It is frequently considered that many planetary magnetic fields originate as a result of convection within planetary cores. Buoyancy forces responsible for driving the convection generate a fluid flow that is able to induce magnetic fields; numerous sophisticated computer codes are able to simulate the dynamic behaviour of such systems. This paper reports the results of a community activity aimed at comparing numerical results of several different types of computer codes that are capable of solving the equations of momentum transfer, magnetic field generation and heat transfer in the setting of a spherical shell, namely a sphere containing an inner core. The electrically conducting fluid is incompressible and rapidly rotating and the forcing of the flow is thermal convection under the Boussinesq approximation. We follow the original specifications and results reported in Harder & Hansen to construct a specific benchmark in which the boundaries of the fluid are taken to be impenetrable, non-slip and isothermal, with the added boundary condition for the magnetic field B that the field must be entirely radial there; this type of boundary condition for B is frequently referred to as 'pseudovacuum'. This latter condition should be compared with the more frequently used insulating boundary condition. This benchmark is so-defined in order that computer codes based on local methods, such as finite element, finite volume or finite differences, can handle the boundary condition with ease. The defined benchmark, governed by specific choices of the Roberts, magnetic Rossby, Rayleigh and Ekman numbers, possesses a simple solution that is steady in an azimuthally drifting frame of reference, thus allowing easy comparison among results. Results from a variety of types of code are reported, including codes that are fully spectral (based on spherical harmonic expansions in angular coordinates and polynomial expansions in radius), mixed spectral and finite difference, finite volume, finite element and also a mixed Fourier-finite element code. There is good agreement among codes.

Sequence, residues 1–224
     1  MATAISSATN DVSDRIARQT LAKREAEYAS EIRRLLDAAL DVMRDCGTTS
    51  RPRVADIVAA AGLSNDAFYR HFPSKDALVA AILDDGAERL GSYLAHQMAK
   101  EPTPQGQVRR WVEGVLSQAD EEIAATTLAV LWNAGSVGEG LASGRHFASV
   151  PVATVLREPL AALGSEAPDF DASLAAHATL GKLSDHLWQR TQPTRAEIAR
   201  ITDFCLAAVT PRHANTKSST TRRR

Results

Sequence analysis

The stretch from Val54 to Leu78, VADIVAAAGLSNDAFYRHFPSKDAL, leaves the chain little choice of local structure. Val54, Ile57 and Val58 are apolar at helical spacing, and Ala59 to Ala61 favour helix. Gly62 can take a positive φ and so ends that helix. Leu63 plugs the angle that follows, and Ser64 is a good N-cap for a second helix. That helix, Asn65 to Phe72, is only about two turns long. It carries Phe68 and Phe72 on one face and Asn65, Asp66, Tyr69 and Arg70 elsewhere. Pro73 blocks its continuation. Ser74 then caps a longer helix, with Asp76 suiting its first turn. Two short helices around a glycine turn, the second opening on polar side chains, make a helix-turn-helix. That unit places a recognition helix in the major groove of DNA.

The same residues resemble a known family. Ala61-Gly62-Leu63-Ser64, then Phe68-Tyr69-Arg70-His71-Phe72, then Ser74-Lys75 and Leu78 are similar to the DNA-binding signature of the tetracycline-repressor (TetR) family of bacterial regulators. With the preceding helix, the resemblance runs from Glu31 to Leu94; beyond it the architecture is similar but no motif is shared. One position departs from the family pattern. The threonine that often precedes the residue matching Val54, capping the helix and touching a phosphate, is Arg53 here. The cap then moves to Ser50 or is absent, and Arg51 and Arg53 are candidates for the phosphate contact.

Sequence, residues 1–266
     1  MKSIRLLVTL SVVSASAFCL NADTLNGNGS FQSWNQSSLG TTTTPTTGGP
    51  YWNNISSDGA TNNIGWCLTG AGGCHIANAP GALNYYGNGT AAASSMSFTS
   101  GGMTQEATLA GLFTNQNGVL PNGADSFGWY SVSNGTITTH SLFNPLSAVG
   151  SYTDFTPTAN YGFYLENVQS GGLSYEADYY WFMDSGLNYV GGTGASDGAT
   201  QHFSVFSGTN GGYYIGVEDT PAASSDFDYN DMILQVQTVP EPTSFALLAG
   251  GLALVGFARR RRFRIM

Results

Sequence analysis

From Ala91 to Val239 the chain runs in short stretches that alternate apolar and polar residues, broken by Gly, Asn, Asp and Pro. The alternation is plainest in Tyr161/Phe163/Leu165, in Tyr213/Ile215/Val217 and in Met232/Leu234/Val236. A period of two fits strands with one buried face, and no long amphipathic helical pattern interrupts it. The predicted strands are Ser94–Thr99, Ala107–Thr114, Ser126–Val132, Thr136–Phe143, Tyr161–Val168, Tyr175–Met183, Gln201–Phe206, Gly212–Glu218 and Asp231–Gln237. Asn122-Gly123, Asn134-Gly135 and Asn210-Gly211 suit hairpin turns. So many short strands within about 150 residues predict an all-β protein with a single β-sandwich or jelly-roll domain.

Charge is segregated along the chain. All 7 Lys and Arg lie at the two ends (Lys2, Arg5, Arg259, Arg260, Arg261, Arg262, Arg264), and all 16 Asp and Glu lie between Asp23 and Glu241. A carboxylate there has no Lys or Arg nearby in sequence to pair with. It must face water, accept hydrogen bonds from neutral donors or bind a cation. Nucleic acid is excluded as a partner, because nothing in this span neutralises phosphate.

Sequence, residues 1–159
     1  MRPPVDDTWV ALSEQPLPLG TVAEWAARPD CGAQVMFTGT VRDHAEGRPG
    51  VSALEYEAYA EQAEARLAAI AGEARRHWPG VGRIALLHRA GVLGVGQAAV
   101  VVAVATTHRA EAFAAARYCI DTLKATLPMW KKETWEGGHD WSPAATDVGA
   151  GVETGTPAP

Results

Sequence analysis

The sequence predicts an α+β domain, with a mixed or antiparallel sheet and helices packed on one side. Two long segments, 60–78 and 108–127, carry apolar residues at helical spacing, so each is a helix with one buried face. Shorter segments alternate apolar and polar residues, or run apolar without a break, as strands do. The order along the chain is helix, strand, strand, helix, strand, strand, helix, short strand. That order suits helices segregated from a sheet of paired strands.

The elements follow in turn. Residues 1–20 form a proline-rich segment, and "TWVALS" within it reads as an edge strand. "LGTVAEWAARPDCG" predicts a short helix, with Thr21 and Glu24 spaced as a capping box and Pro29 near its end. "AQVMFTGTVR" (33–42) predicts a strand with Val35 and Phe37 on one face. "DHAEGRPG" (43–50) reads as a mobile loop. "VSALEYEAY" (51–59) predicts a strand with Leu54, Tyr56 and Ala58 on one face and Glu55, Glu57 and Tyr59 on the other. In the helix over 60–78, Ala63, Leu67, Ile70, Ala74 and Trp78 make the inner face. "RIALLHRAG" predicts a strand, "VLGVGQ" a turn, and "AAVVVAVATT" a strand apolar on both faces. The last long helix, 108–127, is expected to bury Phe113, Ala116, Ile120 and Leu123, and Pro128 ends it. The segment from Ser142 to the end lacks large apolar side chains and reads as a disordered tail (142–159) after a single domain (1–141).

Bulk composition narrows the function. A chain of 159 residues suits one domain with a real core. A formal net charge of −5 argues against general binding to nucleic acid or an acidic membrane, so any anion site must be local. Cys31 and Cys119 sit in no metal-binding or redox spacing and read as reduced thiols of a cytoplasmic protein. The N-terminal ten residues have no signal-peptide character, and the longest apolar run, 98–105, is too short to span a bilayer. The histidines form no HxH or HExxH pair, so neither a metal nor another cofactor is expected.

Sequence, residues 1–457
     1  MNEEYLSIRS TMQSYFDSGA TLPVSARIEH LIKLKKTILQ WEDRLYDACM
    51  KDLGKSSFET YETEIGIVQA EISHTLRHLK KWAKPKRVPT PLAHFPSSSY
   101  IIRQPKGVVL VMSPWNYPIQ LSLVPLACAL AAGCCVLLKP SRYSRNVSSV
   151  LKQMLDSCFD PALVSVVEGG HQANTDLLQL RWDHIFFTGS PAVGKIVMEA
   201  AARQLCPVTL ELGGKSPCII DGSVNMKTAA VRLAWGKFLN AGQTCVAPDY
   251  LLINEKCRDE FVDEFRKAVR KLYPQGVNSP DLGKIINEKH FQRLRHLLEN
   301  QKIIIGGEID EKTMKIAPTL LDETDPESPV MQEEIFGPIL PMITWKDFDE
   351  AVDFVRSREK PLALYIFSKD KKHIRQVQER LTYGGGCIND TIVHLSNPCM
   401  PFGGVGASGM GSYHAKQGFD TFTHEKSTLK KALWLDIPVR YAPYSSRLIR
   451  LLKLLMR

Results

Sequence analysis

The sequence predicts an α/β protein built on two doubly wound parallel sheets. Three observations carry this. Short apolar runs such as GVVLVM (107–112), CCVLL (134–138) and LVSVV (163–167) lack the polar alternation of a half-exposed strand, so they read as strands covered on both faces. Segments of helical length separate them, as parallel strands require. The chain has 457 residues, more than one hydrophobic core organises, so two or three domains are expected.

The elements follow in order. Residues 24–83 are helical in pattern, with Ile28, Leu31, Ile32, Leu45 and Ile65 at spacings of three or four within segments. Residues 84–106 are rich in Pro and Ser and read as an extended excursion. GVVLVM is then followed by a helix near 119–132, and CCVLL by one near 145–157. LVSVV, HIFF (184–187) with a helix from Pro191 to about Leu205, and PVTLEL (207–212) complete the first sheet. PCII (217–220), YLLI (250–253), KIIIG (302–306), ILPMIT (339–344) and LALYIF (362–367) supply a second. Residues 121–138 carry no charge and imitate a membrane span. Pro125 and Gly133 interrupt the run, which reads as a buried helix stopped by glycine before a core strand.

- Electromagnetic theory
- Non-linear differential equations
- theories and simulations
ASJC Scopus subject areas
- Geochemistry and Petrology